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UNC Symphony Orchestra conductor prepares for 24th final concert

For the 24th time, Tonu Kalam will lead the UNC Symphony Orchestra in its final concert of the year.

Kalam, who joined UNC’s music faculty as music director and conductor of the orchestra in 1988, said Wednesday’s performance in Memorial Hall will demonstrate both short- and long-term improvement.

“The concert is the culmination of the year,” he said.

When Kalam arrived, the orchestra was not at the level it is now, he said.

“It was a real building process when I first came here,” he said.

“But the level of the players has gone up a lot and we are playing pieces now that we could have never played 10 years ago, even less 20 years.”

Kalam said he became involved with music at an early age.

“My father was a professional musician — he played the viola and conducted,” he said.

“So I got into conducting very early in life.”

Senior Emily Bruestle, the orchestra committee chairwoman, has played violin in the orchestra for four years.

She said that during his time here, Kalam has helped the orchestra present the most professional band on campus.

“He is aware of what it is like in the professional world — we are getting really prepared to be professional musicians,” she said.

“He expects a lot from us but at the same time works well to make sure that we present something as a group.”

Though the orchestra usually puts on programs with a particular theme, this year’s final concert will feature three very different pieces, Kalam said.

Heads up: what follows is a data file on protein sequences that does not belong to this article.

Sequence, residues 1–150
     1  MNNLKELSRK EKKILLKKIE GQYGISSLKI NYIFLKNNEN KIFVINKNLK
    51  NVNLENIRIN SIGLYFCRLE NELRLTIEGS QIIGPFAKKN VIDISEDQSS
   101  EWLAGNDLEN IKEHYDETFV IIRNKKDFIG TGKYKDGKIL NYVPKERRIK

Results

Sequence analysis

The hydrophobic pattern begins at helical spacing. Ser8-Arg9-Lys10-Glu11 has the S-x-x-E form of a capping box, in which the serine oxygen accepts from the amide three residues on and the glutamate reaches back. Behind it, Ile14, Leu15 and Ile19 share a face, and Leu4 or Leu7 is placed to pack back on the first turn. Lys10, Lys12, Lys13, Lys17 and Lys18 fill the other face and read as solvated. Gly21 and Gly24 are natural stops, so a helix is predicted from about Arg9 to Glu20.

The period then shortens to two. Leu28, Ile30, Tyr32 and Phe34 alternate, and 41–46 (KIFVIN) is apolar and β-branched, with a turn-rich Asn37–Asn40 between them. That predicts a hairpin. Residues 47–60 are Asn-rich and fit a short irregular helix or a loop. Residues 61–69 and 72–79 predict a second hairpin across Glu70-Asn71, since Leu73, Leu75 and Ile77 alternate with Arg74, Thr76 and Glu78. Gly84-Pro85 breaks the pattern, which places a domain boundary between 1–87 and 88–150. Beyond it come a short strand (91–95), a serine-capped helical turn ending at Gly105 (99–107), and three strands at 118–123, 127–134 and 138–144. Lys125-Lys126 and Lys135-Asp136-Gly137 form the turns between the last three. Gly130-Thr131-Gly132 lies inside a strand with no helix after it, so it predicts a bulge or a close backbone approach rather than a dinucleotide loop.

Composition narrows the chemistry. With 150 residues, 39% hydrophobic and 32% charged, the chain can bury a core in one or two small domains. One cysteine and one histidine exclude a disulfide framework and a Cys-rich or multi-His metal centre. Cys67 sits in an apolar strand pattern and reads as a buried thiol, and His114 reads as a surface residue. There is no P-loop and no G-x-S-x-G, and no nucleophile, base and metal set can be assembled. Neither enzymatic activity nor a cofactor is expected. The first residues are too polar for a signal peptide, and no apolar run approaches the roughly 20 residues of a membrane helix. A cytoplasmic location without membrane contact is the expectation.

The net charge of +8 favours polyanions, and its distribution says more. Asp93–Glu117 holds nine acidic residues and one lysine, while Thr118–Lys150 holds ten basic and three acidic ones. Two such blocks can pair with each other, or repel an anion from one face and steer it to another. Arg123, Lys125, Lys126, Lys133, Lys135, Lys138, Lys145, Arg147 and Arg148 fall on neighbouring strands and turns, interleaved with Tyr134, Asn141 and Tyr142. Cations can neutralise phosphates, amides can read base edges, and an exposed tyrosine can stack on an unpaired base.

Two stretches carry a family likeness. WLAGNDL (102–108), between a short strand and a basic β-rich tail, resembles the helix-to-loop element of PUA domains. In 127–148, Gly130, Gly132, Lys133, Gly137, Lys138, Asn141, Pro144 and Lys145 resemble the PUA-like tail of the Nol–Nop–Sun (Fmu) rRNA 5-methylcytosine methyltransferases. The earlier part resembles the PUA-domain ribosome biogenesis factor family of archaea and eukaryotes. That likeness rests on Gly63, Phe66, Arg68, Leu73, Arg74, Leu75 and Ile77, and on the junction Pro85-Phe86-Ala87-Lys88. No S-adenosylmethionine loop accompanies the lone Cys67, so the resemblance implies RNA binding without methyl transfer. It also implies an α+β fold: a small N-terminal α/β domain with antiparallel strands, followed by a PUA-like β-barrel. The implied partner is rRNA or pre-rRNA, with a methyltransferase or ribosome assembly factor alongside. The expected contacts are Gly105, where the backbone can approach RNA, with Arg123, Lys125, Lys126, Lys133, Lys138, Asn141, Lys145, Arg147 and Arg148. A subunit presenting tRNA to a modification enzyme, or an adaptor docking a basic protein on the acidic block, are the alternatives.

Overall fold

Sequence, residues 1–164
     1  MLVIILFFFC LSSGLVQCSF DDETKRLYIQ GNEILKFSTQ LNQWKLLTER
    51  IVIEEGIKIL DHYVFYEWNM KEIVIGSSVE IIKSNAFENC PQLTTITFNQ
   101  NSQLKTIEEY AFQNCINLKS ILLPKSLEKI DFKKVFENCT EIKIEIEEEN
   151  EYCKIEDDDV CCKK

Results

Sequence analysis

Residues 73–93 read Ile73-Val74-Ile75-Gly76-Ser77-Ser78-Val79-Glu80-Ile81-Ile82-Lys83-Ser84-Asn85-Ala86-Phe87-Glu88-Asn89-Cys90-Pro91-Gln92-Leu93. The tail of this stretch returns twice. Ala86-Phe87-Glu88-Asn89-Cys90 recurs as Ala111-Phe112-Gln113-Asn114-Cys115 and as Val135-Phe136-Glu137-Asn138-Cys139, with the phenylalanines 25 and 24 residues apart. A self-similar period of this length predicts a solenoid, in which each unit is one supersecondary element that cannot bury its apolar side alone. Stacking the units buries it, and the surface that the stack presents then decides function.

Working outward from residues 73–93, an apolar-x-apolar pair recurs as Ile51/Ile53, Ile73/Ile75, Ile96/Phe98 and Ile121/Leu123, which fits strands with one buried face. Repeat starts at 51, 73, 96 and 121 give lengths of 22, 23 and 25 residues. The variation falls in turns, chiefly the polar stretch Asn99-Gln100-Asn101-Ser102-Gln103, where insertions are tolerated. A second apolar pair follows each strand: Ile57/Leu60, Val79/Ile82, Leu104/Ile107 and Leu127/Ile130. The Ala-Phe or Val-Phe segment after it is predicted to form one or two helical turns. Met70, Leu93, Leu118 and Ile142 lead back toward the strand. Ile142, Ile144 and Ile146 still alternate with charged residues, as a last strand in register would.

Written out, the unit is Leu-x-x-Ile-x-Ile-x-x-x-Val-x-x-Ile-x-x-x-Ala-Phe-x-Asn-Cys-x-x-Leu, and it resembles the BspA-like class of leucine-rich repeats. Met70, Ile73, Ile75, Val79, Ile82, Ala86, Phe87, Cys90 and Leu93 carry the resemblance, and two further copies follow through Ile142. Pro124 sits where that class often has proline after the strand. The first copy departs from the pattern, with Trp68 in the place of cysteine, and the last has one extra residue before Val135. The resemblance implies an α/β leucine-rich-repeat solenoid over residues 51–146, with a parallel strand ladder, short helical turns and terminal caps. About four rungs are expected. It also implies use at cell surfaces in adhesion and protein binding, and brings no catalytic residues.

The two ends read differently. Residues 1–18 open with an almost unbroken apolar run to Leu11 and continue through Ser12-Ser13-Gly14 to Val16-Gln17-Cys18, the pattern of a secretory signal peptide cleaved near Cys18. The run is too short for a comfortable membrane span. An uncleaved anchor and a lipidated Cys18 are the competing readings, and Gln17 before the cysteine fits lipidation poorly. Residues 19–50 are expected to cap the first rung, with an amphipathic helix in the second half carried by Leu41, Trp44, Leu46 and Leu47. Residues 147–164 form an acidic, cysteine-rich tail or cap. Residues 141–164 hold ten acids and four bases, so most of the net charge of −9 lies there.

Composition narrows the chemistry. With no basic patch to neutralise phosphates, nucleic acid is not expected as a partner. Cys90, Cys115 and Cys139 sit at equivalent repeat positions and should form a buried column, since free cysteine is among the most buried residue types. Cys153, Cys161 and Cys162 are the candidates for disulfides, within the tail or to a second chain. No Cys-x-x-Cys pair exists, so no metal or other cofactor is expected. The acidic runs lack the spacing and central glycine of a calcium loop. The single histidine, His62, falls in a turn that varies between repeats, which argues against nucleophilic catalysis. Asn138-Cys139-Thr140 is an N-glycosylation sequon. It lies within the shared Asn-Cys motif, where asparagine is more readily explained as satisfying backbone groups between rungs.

“I wrote a nicely varied program — 21st, 20th and 19th century,” he said. Antonin Dvorak’s Symphony No. 5 is the big piece of the evening, along with works by Jennifer Higdon and Alan Hovhaness.

Kalam said the variation will make the concert particularly interesting for all audiences.

“We’re in a setting where everyone likes to learn something new,” he said.

“It is really important to expose students to the rich variety that is out there.”

Kalam also said the final concert will be special because the musicians in the orchestra have been working together the entire academic year.

“About one-third of the orchestra is new and my challenge every fall is to build it up,” he said.

“We can work more on technique as the year goes on, and (the group) does become closer.”

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Vann Mitchell, student general manager of the orchestra, said she likes the pieces featured in the final performance.

“It has been really fun working with the shorter pieces,” she said.
“They are kind of unknown but I like that you get a mixed program.”

Mitchell also said that Kalam’s expertise has made the orchestra better on all levels.

“He has much knowledge on both the overall orchestra and individual parts,” she said.

“He can pick out a singular part, tweak it a bit and change the whole dynamic of the orchestra.”

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